Saturday, July 26, 2014

Seeing Red

We've all been there.

Late nights long after the sun has long gone down, the lights off and bathing in the dull glow of the computer screen, looking at things in the dark by yourself. Your brain says "STOP!" but something stirs from within, it sends you to the corners of the internet you know you shouldn't inhabit, looking at things that you shouldn't be looking at.

I went there, I knew I shouldn't have but I did anyway.





I don't know what it is about a red Santa Cruz, but I tend to lose the plot completely and send Styley this sort of email:

"Highball! IN RED!"
"Yes?"
"Want one! WANT ONE NOW!"

Then I feel a bit guilty as I try to work out exactly how I'm going to afford my latest purchase.

A few months ago as I was staring down the barrel of round two of fatherhood I looked at my collection of bikes and realized that it was all too much. I always liked having a bit of choice in my collection, but given the impending lack of money and time I had made the decision to simplify.

Sometimes when you need a spoon, you should just grab a spoon, you don't need a gold one, or something with a rubberized handle that conforms to the shape of your hand, you just need something to get the food from point A (the bowl) to point B (your mouth). My approach to a new bike was very similar, I just needed something to pedal around and hit the odd bit of single-track, when I had the most fun on a bike it was often on bikes with eighty-millimeters of travel in the front and nothing in the back.

No pivots. No springs. No Suspension settings to obsess over.

I've had the Highball for a few months now and it is easily the favorite out of the many bikes I've owned over the past few years. It allows me to get out in the precious little time I have to go get my my regular dose of green-brown-and-blue with a minimum of fuss, and it does it without any drama.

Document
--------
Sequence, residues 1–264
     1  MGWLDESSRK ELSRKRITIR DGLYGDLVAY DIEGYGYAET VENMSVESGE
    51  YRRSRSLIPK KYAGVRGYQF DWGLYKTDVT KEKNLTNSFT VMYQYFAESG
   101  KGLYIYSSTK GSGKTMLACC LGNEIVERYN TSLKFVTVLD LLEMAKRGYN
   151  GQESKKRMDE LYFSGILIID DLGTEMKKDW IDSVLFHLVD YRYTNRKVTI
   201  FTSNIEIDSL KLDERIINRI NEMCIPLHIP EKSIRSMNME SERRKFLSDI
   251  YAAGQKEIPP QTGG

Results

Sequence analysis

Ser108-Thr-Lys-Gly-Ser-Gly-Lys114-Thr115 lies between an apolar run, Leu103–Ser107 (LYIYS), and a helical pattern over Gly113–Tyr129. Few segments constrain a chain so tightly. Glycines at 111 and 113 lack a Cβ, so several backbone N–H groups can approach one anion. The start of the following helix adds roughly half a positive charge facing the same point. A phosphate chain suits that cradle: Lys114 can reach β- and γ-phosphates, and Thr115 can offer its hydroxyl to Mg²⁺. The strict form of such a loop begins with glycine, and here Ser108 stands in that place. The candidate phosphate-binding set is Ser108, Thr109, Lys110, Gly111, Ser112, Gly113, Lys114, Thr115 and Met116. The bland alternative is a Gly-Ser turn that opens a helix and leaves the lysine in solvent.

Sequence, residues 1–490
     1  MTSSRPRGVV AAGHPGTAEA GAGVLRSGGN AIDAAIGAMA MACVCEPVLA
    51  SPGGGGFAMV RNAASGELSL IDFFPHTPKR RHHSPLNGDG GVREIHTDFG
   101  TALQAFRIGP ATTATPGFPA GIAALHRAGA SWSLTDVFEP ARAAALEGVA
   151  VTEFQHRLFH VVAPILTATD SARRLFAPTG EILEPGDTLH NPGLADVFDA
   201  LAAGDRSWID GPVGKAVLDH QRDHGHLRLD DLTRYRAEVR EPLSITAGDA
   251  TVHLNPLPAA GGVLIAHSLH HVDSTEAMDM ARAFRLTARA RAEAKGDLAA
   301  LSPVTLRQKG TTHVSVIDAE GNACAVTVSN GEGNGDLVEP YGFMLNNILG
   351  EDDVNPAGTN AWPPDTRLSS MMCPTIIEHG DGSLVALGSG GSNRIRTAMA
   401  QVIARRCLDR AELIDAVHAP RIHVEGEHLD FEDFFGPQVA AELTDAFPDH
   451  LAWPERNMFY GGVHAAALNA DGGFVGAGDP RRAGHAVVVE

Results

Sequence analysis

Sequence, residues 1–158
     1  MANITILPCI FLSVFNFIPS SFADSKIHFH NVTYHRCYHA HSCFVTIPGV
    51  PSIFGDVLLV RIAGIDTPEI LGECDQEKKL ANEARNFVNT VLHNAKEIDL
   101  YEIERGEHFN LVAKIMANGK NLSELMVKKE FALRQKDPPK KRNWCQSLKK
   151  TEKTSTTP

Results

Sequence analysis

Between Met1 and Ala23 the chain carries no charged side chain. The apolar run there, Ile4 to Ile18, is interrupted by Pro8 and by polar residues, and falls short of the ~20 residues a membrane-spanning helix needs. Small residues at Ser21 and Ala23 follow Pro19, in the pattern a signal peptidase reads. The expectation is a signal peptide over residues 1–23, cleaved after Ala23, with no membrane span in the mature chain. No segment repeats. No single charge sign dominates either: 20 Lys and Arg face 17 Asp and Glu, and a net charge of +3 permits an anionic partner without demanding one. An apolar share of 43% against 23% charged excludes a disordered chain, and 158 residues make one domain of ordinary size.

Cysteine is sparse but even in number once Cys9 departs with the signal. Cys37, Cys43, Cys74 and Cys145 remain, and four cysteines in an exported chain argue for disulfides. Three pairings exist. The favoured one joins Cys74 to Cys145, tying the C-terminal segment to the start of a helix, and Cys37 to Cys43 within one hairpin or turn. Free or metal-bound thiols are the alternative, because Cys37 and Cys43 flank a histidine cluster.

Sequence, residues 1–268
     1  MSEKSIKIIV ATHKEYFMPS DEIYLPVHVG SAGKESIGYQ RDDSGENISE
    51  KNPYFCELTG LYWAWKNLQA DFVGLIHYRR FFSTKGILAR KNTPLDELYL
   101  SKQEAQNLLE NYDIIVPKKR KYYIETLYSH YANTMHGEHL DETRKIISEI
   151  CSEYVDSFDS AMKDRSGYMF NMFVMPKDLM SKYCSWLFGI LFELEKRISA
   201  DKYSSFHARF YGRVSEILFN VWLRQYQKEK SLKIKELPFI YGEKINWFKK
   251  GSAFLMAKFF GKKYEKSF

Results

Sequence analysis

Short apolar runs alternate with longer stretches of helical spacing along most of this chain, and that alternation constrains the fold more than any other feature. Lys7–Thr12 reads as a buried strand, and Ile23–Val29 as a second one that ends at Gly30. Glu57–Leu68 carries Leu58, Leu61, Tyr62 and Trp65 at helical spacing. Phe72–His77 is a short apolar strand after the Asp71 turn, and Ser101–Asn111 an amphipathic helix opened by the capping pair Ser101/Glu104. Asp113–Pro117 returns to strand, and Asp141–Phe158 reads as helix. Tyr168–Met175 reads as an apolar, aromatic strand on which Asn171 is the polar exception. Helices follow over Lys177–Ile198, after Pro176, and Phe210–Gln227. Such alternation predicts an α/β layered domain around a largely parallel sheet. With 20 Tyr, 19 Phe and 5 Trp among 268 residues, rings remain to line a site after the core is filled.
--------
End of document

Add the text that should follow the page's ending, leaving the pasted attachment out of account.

Which is the point of owning a bike, isn't it?

If you don't have a nice and simple hardtail you should buy one. They're really good.

Sunday, January 12, 2014

Santa Cruz Jackal

Jackal gets a new look and Logan Peat & Josh Bryceland take them for a spin around Santa Cruz....also features a 1949 GM 4101 Union Pacific Streamliner.


Santa Cruz Jackal from Santa Cruz Bicycles on Vimeo.

Friday, August 30, 2013

The new Santa Cruz Bantam


Santa Cruz Bantam from santa cruz bikes on Vimeo.

Sharing the same mega-agile geometry as the Solo, the Bantam punches way above its weight for a trail bike in this category.

27.5" wheels and 125mm of single-pivot suspension combine with a robust collet pivot axle system to create a rock-solid trail tool that's as awesomely simple as it is tough.

27.5" wheels deliver those fabled rolling benefits without compromising maneuverability, leaving the Bantam fired-up to go the distance if you are.


More here;

Thursday, August 01, 2013

Inbetweeners



So, Spoke, the venerated online rag, recently posted a wee dig at the reasons why people are getting all excited about these bigger wheels. And I thought 'touche'. Maybe they've got a point. but then again, since I changed up from the 26" wheels on my faithful Blur TRc to these new inbetweener wheels on the Bronson, I've been feeling like a super hero. Ands lets be honest, who doesn't want to feel like a super hero on their bike?

When I first jumped on, I was struggling to tell if the wheels were any bigger then usual, but they definitely felt smaller than 29. It corners precisely and responsively but it's still rolling over everything I point it at without protest. 

It's stable at speed and plush on descents but still firm when climbing and doesn't bob. The build on this bike is Sram XX1set up without a chain guide (rumor has it people still throw the chain despite the chainring's fancy tooth design) and it's been bomber so far.

So, maybe it's because its been bone dry in Dunedin or maybe it's the extra bit of travel, or maybe it really is the bigger wheels, but the Bronson is definitely making me feel like a superhero.